An impending strike ballot by employees of HCL Technologies, the outsourcing provider that operates Eir’s call centre, doesn’t bode well for a smooth transition as Eir takes the centre’s operation back inhouse.
Eir decided to end its contract with India-headquartered HCL to raise service standards at the call centre. When it announced it was taking back the call centre earlier this month, Eir suggested a six-month handover period.
“During this period, Eir and HCL will endeavour to minimise disruption through detailed planning and co-operation,” it said. This was, in itself, a tacit admission that there would be disruption. For Eir customers contacting its call centre, it seemed to be warning that things may get worse before they get better.
A potential strike by call centre staff in the middle of an already-messy handover is the last thing Eir, or its customers, need as it pivots to a lean, mean strategy under its new French owners.
Close to 1,000 HCL staff in Dublin, Cork, Limerick and Sligo are, theoretically, supposed to transfer over to Eir as part of the handover process. In reality, however, the majority of these staff will be made redundant.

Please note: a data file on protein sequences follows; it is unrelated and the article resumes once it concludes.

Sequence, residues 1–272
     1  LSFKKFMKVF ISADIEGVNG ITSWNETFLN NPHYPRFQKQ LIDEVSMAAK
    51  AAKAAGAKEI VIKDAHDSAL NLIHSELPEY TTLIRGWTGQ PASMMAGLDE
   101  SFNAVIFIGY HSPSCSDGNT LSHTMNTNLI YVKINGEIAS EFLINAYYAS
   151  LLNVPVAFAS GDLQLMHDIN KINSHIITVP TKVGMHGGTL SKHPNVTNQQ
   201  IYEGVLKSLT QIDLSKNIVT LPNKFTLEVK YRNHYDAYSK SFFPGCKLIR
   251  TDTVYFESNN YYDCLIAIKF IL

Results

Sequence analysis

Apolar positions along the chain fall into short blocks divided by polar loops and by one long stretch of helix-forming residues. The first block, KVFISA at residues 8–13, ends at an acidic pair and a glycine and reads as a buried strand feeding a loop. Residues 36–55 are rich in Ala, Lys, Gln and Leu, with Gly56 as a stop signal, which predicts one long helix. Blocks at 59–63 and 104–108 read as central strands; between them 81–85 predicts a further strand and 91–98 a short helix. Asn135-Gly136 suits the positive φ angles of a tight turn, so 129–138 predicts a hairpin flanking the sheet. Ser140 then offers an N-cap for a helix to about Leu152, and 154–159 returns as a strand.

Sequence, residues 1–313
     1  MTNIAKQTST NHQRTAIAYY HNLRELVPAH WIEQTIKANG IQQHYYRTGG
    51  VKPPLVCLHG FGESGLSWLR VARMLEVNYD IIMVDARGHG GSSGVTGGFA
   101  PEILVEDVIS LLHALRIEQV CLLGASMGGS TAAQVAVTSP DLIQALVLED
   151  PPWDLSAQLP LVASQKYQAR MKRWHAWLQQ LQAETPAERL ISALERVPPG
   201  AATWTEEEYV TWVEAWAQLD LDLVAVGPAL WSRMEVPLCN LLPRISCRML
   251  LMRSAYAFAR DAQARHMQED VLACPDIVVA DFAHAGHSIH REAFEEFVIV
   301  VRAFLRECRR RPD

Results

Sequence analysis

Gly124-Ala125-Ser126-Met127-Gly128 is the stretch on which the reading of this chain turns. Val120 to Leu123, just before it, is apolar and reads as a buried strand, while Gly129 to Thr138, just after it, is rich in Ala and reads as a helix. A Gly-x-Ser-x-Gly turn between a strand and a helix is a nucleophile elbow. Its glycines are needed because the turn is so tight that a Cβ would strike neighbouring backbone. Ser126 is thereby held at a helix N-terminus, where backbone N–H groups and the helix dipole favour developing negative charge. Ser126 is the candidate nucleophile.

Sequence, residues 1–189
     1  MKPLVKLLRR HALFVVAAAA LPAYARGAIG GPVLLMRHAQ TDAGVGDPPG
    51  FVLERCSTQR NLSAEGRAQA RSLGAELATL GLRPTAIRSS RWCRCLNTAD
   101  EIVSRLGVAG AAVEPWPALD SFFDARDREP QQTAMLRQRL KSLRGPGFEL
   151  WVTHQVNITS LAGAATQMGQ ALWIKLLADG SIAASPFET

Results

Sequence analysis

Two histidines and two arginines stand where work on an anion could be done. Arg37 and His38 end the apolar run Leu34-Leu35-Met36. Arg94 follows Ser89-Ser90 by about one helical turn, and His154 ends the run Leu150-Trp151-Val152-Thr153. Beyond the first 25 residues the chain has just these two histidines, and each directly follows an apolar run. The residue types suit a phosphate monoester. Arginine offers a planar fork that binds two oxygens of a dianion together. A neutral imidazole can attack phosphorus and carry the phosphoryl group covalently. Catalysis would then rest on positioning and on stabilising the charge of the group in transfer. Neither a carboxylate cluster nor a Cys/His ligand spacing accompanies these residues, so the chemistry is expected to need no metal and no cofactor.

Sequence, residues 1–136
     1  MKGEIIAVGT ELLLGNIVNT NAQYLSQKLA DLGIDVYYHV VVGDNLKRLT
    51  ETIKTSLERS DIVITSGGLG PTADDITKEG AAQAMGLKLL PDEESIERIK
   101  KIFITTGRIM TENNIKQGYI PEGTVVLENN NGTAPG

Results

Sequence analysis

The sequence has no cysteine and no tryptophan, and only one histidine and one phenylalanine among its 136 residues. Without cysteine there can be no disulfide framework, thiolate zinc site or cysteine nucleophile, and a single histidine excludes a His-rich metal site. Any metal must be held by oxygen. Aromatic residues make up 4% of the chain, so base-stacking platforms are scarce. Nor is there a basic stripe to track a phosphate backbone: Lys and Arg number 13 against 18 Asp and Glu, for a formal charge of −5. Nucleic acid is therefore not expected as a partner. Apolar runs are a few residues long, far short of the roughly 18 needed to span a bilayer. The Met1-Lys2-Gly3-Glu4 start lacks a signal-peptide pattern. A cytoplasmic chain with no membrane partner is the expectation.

Dublin-based HCL staff working on the Eir contract have been told they must move to one of the regional centres outside the capital if they want to keep their jobs. If they decline, they have been offered a redundancy package that is barely above their legal statutory requirement of two weeks pay per year of service.
Meanwhile, inhouse staff at Eir have been able to avail in recent months of a voluntary exit scheme that offered five weeks pay per year of service.
Most Dublin HCL staff are expected to decline the move to Cork, Limerick or Sligo to work for Eir's call centre. But the terms on offer have been dismissed as "derisory" by the Communications Workers Union, which wants an upgrade.
For now, the dispute is between the CWU and HCL. If the row isn’t solved soon, however, the problem will become Eir’s.